With medical malpractice reform reportedly unlikely at the federal level and in many crisis states, insurers unable to make a profit and coverage for doctors unaffordable, new ways are needed to manage the risk, panelists told the recent Annual Meeting of the Casualty Actuarial Society.
The joint presentation was made by Carl Ashenbrenner, actuary, Milliman USA; Sarah Dore, principal, SM Dore Consulting; and Kathy Pinkham, president, Healthcare First, a division of Arthur J. Gallagher & Company.
“Medical malpractice is a small line that creates a lot of problems,” observed Ashenbrenner. It was pointed out that past crises led to the creation of unique solutions. For example, physician-owned insurers were formed after multi-line companies withdrew from the market in the 1970s and claims-made coverage was introduced after substantial rate increases in the 1980s.
Today, significant availability and affordability problems reportedly exist at a time when capacity is severely constrained, claim severity is increasing, financial pressures in the healthcare system are forcing physicians to see more patients and there is a serious shortage of nurses.
The physicians have reportedly responded in a number of ways: accepting lower limits and higher deductibles, forming captives, “going bare,” obtaining coverage from hospitals and leaving crisis states or changing practices. “A lot of doctors are going without insurance,” said Pinkham.
At the same time, insurers are re-underwriting their book of business, retrenching back to core businesses, initiating new business moratoriums or using a broad-brushed underwriting approach.
A number of legislative proposals also have been advocated. One proposal, advanced by the Alliance for Healthcare Reform, would create an administrative compensation system, taking disputes out of the courts, and guarantee reasonable compensation for avoidable injuries.
One measure, the Medical Justice Act, would provide immunity from lawsuits with an early offer of compensation for injury. Another proposal would allow for no-fault on certain specialties, such as obstetrics, trauma and emergency treatment.
Proposals for governmental action also reportedly include the establishment of state administrative boards to evaluate compensation and special health care courts with binding rules on causation, compensation, standards of care and related issues and the creation of state compensation funds. The current AMA agenda reportedly calls for capping pain and suffering awards.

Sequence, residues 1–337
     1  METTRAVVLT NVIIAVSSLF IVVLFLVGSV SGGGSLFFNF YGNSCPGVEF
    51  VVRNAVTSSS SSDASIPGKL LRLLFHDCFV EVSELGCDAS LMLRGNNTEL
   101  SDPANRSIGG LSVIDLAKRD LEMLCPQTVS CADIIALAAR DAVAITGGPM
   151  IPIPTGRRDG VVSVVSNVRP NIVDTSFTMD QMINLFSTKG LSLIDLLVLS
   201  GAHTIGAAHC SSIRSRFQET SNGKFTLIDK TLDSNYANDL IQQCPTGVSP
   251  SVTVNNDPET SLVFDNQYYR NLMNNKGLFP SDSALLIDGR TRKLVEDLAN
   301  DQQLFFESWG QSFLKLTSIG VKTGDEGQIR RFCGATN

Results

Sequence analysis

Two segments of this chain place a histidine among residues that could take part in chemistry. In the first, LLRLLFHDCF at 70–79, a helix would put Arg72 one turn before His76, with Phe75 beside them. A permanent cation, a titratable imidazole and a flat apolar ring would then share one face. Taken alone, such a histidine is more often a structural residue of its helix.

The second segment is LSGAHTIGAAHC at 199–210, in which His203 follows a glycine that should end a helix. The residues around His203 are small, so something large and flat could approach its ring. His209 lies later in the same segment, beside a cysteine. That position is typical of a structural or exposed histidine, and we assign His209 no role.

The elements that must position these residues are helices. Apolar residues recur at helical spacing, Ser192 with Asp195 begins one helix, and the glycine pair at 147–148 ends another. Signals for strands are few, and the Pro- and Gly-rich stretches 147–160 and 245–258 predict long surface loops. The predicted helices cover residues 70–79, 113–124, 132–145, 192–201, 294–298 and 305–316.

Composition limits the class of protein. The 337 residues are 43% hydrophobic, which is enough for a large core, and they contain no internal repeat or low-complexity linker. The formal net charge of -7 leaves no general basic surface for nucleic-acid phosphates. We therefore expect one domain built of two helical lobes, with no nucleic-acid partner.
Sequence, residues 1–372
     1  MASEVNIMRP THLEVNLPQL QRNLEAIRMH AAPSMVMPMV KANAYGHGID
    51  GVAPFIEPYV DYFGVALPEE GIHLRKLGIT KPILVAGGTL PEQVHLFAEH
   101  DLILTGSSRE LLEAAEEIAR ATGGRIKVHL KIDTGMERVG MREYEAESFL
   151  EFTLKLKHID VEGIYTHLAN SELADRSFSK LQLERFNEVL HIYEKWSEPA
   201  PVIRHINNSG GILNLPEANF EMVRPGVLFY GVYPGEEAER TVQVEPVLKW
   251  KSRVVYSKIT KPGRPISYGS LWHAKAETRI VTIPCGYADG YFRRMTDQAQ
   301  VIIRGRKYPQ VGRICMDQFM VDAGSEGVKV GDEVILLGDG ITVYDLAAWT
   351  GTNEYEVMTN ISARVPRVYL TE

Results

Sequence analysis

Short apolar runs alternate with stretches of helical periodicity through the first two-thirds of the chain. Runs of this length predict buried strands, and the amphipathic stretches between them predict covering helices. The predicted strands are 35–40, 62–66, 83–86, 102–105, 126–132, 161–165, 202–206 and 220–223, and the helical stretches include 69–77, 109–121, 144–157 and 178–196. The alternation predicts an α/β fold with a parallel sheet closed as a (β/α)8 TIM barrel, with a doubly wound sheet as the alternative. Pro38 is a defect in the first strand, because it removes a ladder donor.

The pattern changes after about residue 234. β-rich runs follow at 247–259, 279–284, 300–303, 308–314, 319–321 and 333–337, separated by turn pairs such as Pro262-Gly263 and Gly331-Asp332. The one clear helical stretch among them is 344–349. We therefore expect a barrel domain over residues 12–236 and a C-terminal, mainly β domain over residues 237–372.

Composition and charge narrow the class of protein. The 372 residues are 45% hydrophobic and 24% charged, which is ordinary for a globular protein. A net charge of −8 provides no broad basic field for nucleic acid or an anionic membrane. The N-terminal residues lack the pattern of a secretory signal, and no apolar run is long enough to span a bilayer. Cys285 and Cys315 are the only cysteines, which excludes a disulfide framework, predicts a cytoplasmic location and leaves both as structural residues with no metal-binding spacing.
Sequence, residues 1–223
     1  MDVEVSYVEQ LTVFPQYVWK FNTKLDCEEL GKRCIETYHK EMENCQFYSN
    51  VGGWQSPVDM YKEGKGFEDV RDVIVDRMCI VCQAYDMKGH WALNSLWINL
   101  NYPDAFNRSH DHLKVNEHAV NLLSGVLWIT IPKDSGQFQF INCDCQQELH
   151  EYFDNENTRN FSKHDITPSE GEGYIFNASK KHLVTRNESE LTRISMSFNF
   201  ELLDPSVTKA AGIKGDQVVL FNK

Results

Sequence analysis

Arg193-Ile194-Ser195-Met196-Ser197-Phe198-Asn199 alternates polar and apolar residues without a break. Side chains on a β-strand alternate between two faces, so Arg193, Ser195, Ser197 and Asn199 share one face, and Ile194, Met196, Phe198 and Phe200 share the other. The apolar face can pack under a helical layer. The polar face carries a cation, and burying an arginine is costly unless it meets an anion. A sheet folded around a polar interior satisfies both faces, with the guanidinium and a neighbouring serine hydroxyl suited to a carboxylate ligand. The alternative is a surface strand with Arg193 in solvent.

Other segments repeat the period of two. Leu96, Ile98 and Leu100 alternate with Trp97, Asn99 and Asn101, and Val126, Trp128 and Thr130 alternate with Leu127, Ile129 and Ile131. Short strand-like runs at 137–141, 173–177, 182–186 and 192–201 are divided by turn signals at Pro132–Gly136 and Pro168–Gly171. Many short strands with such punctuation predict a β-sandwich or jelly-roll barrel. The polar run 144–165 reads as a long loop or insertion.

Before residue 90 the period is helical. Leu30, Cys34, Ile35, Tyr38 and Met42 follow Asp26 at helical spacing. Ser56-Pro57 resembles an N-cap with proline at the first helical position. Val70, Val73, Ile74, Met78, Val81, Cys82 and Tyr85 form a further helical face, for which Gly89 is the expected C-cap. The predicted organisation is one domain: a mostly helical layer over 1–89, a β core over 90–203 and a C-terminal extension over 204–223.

There are, however, a number of other ways that physicians, underwriters and actuaries can address the current environment.
For example, physicians and other medical staff reportedly need to be trained to treat patients better by setting patient expectations properly and reinforcing those expectations frequently.
Physicians were urged to spend more quality time with patients, accepting a reduction in patients seen per day in order to reduce potential claims and insurance costs. In addition, doctors should gather patient feed back and have it independently evaluated and obtain “real” informed consent.
Medical malpractice insurers were called on to reduce the number of claims – stop paying off illegitimate claims to make them go away. Insurers also should ask physicians to retain more risk though higher deductibles.
Panelists suggested that insurers work only with physicians who will follow best practices and insist that patients recognize their role in maintaining their own health and in keeping malpractice insurance costs manageable. Changing the policy form to recognize arbitration agreements also is advisable.
Underwriters were urged to use more efficient ways of evaluating risk. Considerations should reportedly include the number of patients, number of high risk patients, quality of care measurements, adherence of standards of care, identification of the types of procedures that generate claims and the evaluation of error-management programs in hospital and practices as well as patient advocacy programs.
More coverage options also should reportedly be made available. These could include placing defense costs within policy limits and permitting tail limits as the extension of last limits.
“Actuaries can help underwriters look at new techniques in the delivery of medicine,” said Dore. Actuaries should review losses in more detail, drilling down to causation, rather than classifying and penalizing areas of practice. They should then recommend evaluative measures to underwriters.
In addition, actuaries should reportedly study the practices of low risk doctors and develop rating factors based on those factors. Common factors among high risk patients also could be identified. For example, these factors could help physicians select patients who are unlikely to sue them.
Finally, it was advised that actuaries also could create a measuring tool to evaluate the risk profiles of physicians, identifying the risk characteristics of physicians who have been sued, building a national database that provides a risk profile and use it to load individual physician’s rates. High-risk physicians also should be encouraged to leave the patient care area of medicine.